SINGAPORE--IBM on Wednesday signed a memorandum of understanding (MOU) with the National University of Singapore's Institute of Systems Science (NUS-ISS) to set up its first ever Center of Excellence (CoE) for enterprise social business here. This would help bring up Asia's level of social business adoption to match that of Europe and the United States, one executive says.
Lim Swee Cheang, director of NUS-ISS, said the CoE will be operational in May this year, and will target local senior business executives to educate them on the benefits of tapping on social technologies within their organizations.
The Center's goal will be to help companies here evolve into social businesses by advising them on the roadmap and strategy, as well as conduct research on the topic, added Christopher Chia, chairman of the NUS-ISS management board. Both executives spoke during a press briefing held in conjunction with IBM's Business Gets Social 2012 event on Wednesday.
Both parties declined to reveal how much was invested to establish the CoE, though.
In terms of content, the CoE will offer two courses initially, said Lim. These include a half-day seminar on the benefits of social business, as well as a two-day course meant for companies interested in implementing social technologies. The longer course can also be customized for specific businesses as each organization would have its particular needs, he added.
The director said the "cautious" initial estimate for enrolment is between 100 and 300 participants for the first year. However, the Center may open up free courses to provide for more participants if the need arises, he said.
Lum Seow Khun, business unit executive of ISV (independent software vendor) and developer relations at IBM Singapore, added the company plans to conduct one session per quarter in the beginning and increase the frequency based on take-up rate. She added both parties would co-conduct the lectures, and IBM will provide free software and course ware.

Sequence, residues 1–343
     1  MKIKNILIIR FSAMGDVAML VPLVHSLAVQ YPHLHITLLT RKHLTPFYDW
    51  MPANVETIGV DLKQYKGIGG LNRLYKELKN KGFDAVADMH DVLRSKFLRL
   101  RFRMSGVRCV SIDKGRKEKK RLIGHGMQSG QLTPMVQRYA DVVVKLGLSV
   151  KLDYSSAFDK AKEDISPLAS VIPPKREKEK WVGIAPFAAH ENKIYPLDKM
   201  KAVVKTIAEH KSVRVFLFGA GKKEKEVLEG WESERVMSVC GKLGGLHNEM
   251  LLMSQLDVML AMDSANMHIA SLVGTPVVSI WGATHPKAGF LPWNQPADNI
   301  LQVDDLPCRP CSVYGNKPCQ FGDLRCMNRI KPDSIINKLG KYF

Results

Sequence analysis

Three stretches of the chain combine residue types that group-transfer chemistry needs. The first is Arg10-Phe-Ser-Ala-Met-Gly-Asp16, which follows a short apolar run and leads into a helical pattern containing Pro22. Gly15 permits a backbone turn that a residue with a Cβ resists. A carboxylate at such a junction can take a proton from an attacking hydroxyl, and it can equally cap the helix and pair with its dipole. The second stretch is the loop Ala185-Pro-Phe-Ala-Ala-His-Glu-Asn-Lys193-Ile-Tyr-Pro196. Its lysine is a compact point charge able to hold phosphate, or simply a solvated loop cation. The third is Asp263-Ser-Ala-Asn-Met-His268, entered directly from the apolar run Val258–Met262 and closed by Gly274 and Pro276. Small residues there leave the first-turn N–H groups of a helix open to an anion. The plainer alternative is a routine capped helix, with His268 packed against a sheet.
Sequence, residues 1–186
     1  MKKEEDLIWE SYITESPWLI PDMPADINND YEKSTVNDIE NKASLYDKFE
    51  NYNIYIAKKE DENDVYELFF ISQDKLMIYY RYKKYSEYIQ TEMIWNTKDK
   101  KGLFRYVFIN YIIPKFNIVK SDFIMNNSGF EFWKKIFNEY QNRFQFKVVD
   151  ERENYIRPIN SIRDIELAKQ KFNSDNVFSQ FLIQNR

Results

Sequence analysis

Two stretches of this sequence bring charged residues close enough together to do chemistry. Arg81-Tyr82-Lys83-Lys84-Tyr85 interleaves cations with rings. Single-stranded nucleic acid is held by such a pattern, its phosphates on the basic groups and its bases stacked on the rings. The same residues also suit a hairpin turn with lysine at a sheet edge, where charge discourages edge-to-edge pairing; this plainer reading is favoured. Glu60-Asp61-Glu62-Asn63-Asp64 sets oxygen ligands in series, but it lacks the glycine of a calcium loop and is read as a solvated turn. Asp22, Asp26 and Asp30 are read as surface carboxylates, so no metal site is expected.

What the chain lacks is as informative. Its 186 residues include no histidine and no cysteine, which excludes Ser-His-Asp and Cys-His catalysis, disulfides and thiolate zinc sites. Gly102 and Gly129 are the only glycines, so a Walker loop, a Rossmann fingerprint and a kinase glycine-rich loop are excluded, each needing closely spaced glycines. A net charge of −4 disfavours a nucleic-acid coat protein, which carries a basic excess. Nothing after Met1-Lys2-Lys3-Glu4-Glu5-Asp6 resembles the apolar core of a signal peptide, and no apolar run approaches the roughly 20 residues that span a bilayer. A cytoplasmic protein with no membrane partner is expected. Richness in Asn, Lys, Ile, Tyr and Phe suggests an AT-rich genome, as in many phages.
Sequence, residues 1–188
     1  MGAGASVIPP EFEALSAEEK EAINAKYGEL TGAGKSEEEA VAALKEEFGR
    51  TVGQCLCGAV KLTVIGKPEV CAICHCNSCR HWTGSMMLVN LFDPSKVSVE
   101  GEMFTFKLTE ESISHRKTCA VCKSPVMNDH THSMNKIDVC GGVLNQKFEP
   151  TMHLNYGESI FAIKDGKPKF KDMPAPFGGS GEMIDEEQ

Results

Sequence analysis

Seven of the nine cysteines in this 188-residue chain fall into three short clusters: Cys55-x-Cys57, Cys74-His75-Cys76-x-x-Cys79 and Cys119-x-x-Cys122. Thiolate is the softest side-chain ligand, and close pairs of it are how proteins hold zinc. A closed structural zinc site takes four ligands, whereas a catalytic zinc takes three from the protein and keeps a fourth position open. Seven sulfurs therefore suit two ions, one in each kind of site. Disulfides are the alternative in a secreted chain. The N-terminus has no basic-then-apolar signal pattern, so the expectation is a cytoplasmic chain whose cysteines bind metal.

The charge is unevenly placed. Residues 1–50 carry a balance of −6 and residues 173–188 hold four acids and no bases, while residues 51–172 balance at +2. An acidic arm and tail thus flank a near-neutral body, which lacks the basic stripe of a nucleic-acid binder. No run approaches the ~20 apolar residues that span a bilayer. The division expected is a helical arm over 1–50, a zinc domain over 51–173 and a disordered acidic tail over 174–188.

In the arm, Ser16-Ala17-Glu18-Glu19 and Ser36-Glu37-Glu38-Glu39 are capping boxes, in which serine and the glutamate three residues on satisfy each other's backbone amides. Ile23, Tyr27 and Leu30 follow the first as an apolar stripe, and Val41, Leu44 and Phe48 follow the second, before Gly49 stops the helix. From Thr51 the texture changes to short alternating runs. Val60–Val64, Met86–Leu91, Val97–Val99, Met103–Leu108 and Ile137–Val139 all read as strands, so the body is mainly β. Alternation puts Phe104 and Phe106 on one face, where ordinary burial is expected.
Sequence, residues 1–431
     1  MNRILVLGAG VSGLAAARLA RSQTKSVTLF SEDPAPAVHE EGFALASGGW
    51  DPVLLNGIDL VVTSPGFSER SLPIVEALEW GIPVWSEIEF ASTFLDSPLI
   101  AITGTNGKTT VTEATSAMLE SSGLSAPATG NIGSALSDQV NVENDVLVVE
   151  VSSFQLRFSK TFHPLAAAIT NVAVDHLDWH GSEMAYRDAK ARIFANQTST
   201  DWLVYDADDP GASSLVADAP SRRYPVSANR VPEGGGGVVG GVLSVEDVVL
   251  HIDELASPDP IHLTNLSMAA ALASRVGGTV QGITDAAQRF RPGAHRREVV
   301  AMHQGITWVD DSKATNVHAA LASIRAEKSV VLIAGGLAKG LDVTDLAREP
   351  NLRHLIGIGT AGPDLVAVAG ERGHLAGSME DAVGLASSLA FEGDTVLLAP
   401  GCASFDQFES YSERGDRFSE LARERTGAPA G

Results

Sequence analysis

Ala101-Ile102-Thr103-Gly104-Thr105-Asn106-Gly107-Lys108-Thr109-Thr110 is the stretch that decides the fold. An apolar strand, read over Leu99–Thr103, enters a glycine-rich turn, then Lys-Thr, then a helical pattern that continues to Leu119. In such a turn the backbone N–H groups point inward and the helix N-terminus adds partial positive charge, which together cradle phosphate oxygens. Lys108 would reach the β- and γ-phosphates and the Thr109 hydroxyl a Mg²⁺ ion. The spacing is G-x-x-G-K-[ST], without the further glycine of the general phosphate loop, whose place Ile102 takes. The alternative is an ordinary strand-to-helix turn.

Asia "ripe" for social business
Sandy Carter, vice president of social business sales and evangelism at IBM, pointed out that with social media expected to create more jobs than the Internet did, it is good for those in Singapore to be trained early in social business.
The executive, who was a keynote speaker at the event, also said that while the region's adoption of social business is slightly behind that of Europe, which leads the pack, and the United States, companies here are "ripe to catch up" due to the high personal social media usage. This is because users will look to bring social technologies they use frequently into the enterprise arena, she explained.
Indonesian restaurant chain Bumbu Desa, for one, has adopted Big Blue's SmartCloud Connections collaboration tools to enable franchise holder to discuss store strategies on a single platform, noted Christopher Blake, Asean regional executive for collaboration solutions at IBM, during the briefing. Besides internal collaboration, the platform can also be opened to external parties such as food critics to join in the conversation, he added.
Zooming in on Singapore, Carter cited a 2011 study conducted by a GlobalWebIndex that ranked the city-state's social network penetration higher than the global average.
Additionally, users here have moved beyond using social media for personal communication and on to creating online communities. These factors mark Singapore out as having the potential to be a proponent for social business, she said.